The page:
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McCall endows Clemson agriculture college scholarship

Peter LeRoy “Roy” McCall Jr. ’53Continuing in the footsteps of Clemson founder Thomas Green Clemson, who established the University with a legacy of land, Peter LeRoy “Roy” McCall Jr. ’53 has established a new scholarship endowment through a gift of land valued at more than $1 million. The Peter LeRoy “Roy” McCall Jr. ’53 Scholarship Endowment will fund scholarships for students in the College of Agriculture, Forestry and Life Sciences like Carlos Morales Jr., a freshman agricultural mechanization and business major. “This gift will make a huge difference for students,” said Morales. “The scholarships I received have allowed me the opportunity to attend Clemson, and my decision to attend Clemson was supported by generous donors like Mr. McCall.” “I am proud to know that this gift is an asset to Clemson and to the fellow students who will take advantage of this scholarship program.

I wish the students well,” McCall said when the gift was announced at the South Carolina
Farm Bureau CAFLS Alumni Tailgate in November. “Mr. McCall’s gift will benefit Clemson’s College of Agriculture, Forestry and Life Sciences literally forever. It is a demonstration of faith in the future and of faith in Clemson,” said President James P. Clements. McCall earned his bachelor’s degree in agronomy from Clemson in 1953 and has been a long-time supporter of his alma mater. In 2009, he established an endowment to provide Universitywide scholarships that have helped more than 75 students attend Clemson.

He has also supported Clemson’s Scroll of Honor and Military Heritage Plaza, the WestZone project in Memorial Stadium and the Class of 1953 Golden Anniversary Scholarship Endowment. In addition, McCall supports the Clemson University President’s Fund. “Mr. McCall’s gift of a scholarship endowment to the College of Agriculture, Forestry and Life Sciences will open doors for deserving students to attend CAFLS and will have a direct, positive impact on our ability to educate the next generation of agribusiness leaders,” said George Askew, dean of the college and vice president of Public Service and Agriculture.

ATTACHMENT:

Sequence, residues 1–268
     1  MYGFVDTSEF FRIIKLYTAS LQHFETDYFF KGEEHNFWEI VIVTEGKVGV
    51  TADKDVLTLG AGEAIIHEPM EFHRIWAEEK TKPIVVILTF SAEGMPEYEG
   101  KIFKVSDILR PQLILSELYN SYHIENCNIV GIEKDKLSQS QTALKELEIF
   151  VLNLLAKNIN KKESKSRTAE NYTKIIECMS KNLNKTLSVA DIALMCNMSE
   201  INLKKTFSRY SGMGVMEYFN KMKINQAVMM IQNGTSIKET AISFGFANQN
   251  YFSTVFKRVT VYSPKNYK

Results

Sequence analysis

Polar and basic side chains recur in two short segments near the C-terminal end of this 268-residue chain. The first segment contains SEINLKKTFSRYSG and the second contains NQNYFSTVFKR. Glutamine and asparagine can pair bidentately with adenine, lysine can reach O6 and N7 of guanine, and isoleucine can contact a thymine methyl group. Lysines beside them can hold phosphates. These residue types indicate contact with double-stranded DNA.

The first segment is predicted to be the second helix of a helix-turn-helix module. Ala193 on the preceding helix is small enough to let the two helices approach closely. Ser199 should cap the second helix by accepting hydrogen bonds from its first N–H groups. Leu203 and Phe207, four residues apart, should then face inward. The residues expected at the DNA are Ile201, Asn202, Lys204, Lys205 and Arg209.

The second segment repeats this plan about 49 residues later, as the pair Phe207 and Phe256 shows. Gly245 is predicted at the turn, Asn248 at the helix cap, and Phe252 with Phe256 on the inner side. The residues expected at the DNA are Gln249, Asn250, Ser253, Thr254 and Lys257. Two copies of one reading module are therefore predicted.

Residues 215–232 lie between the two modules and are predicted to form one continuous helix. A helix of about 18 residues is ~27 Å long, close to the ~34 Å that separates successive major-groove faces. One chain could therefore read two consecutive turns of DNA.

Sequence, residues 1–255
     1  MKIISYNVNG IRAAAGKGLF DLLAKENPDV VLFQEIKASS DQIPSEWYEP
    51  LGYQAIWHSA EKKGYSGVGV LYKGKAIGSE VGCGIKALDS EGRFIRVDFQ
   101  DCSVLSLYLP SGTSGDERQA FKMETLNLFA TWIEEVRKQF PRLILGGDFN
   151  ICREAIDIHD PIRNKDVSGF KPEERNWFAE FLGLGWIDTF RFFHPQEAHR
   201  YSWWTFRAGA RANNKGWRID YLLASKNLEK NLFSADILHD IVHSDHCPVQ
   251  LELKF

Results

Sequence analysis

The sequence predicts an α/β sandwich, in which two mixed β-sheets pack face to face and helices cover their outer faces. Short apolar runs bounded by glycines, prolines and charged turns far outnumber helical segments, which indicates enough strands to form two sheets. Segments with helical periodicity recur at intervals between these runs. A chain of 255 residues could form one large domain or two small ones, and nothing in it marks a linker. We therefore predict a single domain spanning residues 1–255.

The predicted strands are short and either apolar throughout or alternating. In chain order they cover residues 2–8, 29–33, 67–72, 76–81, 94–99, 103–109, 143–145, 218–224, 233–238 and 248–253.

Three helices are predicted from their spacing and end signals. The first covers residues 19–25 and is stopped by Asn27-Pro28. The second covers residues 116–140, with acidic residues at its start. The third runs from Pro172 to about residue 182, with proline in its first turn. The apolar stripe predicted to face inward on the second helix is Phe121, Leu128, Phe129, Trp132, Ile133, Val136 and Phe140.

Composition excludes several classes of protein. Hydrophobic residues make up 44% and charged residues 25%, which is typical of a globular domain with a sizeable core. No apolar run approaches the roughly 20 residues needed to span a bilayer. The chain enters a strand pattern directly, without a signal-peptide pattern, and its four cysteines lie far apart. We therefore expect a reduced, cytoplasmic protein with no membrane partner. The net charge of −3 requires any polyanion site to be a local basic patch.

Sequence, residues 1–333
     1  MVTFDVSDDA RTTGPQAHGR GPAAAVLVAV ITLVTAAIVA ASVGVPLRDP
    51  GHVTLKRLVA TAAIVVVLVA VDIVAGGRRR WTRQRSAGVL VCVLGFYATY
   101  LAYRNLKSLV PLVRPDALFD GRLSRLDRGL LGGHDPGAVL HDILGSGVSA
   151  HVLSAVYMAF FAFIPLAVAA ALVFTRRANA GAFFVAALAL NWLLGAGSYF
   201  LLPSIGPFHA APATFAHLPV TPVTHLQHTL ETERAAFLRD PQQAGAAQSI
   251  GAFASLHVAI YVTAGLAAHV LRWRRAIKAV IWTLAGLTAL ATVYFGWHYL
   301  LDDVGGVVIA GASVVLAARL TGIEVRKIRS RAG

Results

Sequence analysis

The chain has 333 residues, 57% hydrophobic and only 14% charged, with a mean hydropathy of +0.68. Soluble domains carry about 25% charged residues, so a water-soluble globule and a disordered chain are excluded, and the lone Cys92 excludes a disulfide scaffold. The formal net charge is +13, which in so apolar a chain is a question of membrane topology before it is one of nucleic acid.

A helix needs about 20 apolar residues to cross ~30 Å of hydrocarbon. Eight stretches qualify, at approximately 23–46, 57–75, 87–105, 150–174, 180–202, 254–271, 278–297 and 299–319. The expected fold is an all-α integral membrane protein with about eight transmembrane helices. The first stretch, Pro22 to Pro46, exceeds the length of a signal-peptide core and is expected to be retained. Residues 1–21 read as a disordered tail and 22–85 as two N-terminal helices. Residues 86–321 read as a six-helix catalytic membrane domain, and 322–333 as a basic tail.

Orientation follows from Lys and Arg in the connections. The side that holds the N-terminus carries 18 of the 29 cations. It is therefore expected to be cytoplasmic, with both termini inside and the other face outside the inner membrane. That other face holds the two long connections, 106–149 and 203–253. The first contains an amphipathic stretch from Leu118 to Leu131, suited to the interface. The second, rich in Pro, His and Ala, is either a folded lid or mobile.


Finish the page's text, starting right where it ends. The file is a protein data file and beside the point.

Jason Puhlasky named honorary alumnus

Jason Puhlasky, an honorary Clemson alumnusHis diploma might read “University of South Carolina,” but his heart bleeds orange. And in February during “Clemson Day at the Statehouse,” the Alumni Association made it official, naming Jason Puhlasky an honorary Clemson alumnus. A lobbyist with Parker Poe Consulting in Columbia, Puhlasky went to USC because he could work and pay his way through college.

As a student, he interned in the S.C. House of Representatives, where he discovered his love of politics. He moved on to the State Republican Party Headquarters and eventually on to the staff of U.S. Senator Strom Thurmond.

He returned to South Carolina where he landed a position with the S.C. State Senate. Since leaving that position he has run numerous political campaigns and advocated for various clients. Puhlasky currently serves as a member of Clemson’s Board of Visitors, and in that role and as a private citizen, works “tirelessly and selflessly on behalf of Clemson,” according to one of the letters written in support of his nomination.

Alumni Authors

Clemson Tigers can be found in every profession, and many are published authors. Here is a short, but not exhaustive, list of alumni authors and some of their books that may pique your interest.